Mastering the Node.js REPL (part 1)
One of the tools I always had in my belt but never payed too much attention to is the Node.js REPL. REPL stands for Read-Eval-Print-Loop and that is basically what it does: It reads an input, evaluates it, prints the result and starts the process again. I used to only fire it when I needed to quickly test a regular expression or to try a forgotten API method. Then I realized I wasn’t taking full advantage of its potential.
The common way of starting the Node.js REPL is invoking the
node command with no arguments. The prompt will change and you can start typing. Node expects you to type an expression and will print the result of that expression:
The Node.js REPL also loads all the standard libraries in the global context so they are available to you:
Another cool trick often forgotten is the autocompletion key. The node REPL autocompletes commands when you hit the
<tab> key. Unfortunately this does not work with expressions:
The underscore character _
In the Node.js REPL you can reference the last value using the underscore character
Node.js REPL commands
There are some special commands that you can send to the REPL. These commands start with a dot:
.exit command finishes the REPL session. It’s the same thing as typing
.save and .load commands
.load are two useful commands when working with the REPL.
.save allows you to save your current REPL session. The output file is a list of every expression you’ve run in that session:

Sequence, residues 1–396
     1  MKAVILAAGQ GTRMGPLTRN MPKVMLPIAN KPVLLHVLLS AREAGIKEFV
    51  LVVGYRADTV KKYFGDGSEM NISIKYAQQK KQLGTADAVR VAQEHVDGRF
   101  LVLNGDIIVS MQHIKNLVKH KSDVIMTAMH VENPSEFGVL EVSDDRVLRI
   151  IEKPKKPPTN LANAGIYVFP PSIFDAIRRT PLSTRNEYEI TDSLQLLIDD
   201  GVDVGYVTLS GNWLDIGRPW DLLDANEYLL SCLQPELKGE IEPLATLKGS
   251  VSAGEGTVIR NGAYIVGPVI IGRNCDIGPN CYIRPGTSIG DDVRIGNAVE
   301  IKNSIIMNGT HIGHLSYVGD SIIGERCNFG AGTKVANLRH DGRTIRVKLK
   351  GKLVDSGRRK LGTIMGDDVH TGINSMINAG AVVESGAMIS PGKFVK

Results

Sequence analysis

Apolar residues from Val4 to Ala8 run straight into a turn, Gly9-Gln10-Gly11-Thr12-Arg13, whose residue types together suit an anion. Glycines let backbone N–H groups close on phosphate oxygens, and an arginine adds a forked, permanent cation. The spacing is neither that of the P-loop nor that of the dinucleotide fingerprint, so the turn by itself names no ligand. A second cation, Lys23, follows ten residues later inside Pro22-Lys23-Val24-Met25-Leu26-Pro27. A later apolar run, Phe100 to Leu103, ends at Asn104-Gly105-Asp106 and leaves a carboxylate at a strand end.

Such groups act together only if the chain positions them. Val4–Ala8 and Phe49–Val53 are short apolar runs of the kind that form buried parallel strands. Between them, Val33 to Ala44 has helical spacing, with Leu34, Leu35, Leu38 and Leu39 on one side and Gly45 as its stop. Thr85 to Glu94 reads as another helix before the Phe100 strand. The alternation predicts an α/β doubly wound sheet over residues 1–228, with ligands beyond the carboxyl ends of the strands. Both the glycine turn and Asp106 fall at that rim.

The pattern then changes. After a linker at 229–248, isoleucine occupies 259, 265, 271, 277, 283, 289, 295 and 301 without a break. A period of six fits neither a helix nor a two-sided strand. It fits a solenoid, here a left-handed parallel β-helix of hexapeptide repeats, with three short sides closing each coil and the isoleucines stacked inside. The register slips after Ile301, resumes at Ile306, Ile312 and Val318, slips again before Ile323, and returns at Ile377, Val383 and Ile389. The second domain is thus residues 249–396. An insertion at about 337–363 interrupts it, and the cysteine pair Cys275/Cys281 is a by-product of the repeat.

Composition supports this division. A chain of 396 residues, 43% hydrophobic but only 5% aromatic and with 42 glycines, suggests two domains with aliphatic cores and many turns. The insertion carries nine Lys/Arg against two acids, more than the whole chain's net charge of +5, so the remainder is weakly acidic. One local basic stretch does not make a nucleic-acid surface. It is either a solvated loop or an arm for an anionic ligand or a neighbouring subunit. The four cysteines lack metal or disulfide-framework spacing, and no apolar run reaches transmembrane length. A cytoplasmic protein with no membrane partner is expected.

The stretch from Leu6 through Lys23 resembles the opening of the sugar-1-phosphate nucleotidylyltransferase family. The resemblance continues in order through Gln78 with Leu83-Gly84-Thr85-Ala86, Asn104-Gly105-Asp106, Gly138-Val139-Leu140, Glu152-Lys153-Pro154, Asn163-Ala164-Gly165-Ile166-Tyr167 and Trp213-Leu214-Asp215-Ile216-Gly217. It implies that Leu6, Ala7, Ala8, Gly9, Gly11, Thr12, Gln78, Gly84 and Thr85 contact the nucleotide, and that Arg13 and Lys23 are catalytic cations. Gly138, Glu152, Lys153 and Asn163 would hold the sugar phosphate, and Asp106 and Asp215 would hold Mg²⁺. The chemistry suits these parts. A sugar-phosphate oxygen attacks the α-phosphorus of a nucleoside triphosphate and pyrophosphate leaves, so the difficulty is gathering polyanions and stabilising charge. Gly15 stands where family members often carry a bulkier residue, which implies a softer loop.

Now we can load the session back into the REPL with the
.editor command is quite useful to type multi-line content, even though I haven’t found yet a way to navigate up and down the lines:
To get a list with he available commands you can use the
await within the REPL
This is a experimental feature available for node 10.x and beyond and it needs to be activated passing the special flag
By default, the expression history is persistent. Every expression you evaluate in the REPL will be stored in a
.node_repl_history in your
$HOME. This can be disabled setting the environment variable
NODE_REPL_HISTORY to an empty string.
Another cool trick you can do with the default REPL is wrapping the
rlwrap. For this, you need to set the
NODE_NO_READLINE to 1. You could make an alias for it:
alias node="env NODE_NO_READLINE=1 rlwrap node
Now if you hit
ctrl-r you can search your command history.
Wrapping it up (for now)
In this post we have covered the basics of the default node REPL. In the second part of this series we will use the standard Node.js
repl library to customize it. Stay tuned!